Current hourly rates for pharmacists in Maine, without benefits, range from $27 - $32 per hour. The amount of time a consultant pharmacist spends in a facility doing required work varies considerably among facilities and professionals, but 6 to 12 hours per month for a facility with 50 to 100 residents is a reasonable estimate.

In recent years, the Office of Inspector General (OIG) of the federal Department of Health and Human Services has adopted “safe harbor” regulations to further define the scope of the federal Medicare and Medicaid fraud and abuse statutes. These provisions were first published in the Federal Register on November 5, 1992 in interim final form. Since that time, there have been many business practices of pharmacists that have received increased scrutiny by federal and state watchdog agencies.

The American Society of Consultant Pharmacists has issued a “Policy Statement Regarding Inappropriate Business Practices in Long-Term Care Pharmacy” which comments on activities considered to be inappropriate and possibly illegal. Among the activities falling into this category, according to the ASCP, is “offering or providing a health facility consultant pharmacist services at no charge, below-market value or below cost in exchange for obtaining or maintaining the business of the facility. (See Appendix D)

State anti-kickback laws exist with respect to the Medicaid program in nearly every state, according to Arthur Lerner. These laws largely mirror the federal law. In addition, more states are beginning to enact anti-kickback laws with respect to non-governmental payors.

In Maine, there is no anti-kickback statute. (see Appendix H for a copy of the letter from the Department of the Attorney General)

Conflict of Interest

The question has been raised whether there is a conflict of interest when the providers of pharmacy dispensing are also the providers of consultant pharmacy services in long-term care facilities. Commission members felt that it would be unlikely for the pharmacist to control utilization of medication in a way that benefited the pharmacy, since the pharmacist does not prescribe the medication. The pharmacist dispenses orders as received from the medical practitioners.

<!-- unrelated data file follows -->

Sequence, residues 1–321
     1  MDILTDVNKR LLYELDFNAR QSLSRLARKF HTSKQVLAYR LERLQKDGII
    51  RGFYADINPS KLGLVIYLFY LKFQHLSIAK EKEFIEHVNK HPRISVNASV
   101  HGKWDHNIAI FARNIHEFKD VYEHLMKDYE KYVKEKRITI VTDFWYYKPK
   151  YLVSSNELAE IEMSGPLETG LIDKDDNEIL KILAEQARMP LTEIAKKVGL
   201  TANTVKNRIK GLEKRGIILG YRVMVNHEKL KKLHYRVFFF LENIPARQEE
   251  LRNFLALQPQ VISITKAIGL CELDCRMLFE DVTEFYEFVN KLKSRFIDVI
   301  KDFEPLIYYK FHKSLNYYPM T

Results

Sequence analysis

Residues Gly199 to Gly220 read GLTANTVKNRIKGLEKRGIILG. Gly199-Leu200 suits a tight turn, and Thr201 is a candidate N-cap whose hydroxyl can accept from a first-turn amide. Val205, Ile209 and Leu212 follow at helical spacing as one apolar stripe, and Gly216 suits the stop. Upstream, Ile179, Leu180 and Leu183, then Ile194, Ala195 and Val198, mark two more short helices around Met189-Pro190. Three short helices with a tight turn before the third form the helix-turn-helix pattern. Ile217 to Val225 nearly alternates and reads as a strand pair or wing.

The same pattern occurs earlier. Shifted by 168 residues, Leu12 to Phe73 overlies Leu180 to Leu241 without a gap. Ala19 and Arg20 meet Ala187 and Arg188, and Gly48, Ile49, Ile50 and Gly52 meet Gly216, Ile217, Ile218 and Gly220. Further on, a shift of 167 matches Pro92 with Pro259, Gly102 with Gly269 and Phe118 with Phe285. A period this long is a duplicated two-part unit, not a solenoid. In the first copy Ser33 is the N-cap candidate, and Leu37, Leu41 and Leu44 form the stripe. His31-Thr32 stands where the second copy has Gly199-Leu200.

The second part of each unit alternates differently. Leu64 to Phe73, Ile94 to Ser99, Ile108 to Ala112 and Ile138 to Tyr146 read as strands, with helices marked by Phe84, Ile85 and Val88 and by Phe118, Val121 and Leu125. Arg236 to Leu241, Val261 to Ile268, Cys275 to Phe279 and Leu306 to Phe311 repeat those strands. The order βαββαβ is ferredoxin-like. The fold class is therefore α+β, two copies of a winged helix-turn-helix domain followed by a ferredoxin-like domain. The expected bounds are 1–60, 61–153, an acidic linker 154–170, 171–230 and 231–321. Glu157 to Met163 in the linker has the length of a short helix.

Under the federal regulation governing drug-regimen review, 42 CFR §483.60, the consultant pharmacist is required to notify the facility, nursing staff and physician if there are any irregularities, such as drug interactions, over-utilization and insufficient lab data to justify optimal usage of medications.

In general, Commission members felt that many of the questions surrounding conflict of interest are answered when good standards of practice are adhered to. Long-term care pharmacists practice in conformity with federal and state laws and rules. Some consultant pharmacists may enjoy a competitive advantage by increasing their knowledge and skills in this specialty practice by membership and participation in organizations and associations, such as the American Society of Consultant Pharmacists. Other pharmacists may attain certification from national professional organizations as a geriatric pharmacy practitioner through further study and examination.

Recommendations/Considerations

We recommend that a system of monitoring be put into place to ensure that long-term care facilities are complying with federal law by entering into appropriate contracts with consultant pharmacists. Contracts must provide for proper and adequate reimbursement for the services of the consultant pharmacist, to guard against inappropriate activity under which a pharmacy offers to provide the consulting service for unreasonably low compensation in order to obtain the dispensing services contract and make up for the losses through drug costs and filling fees.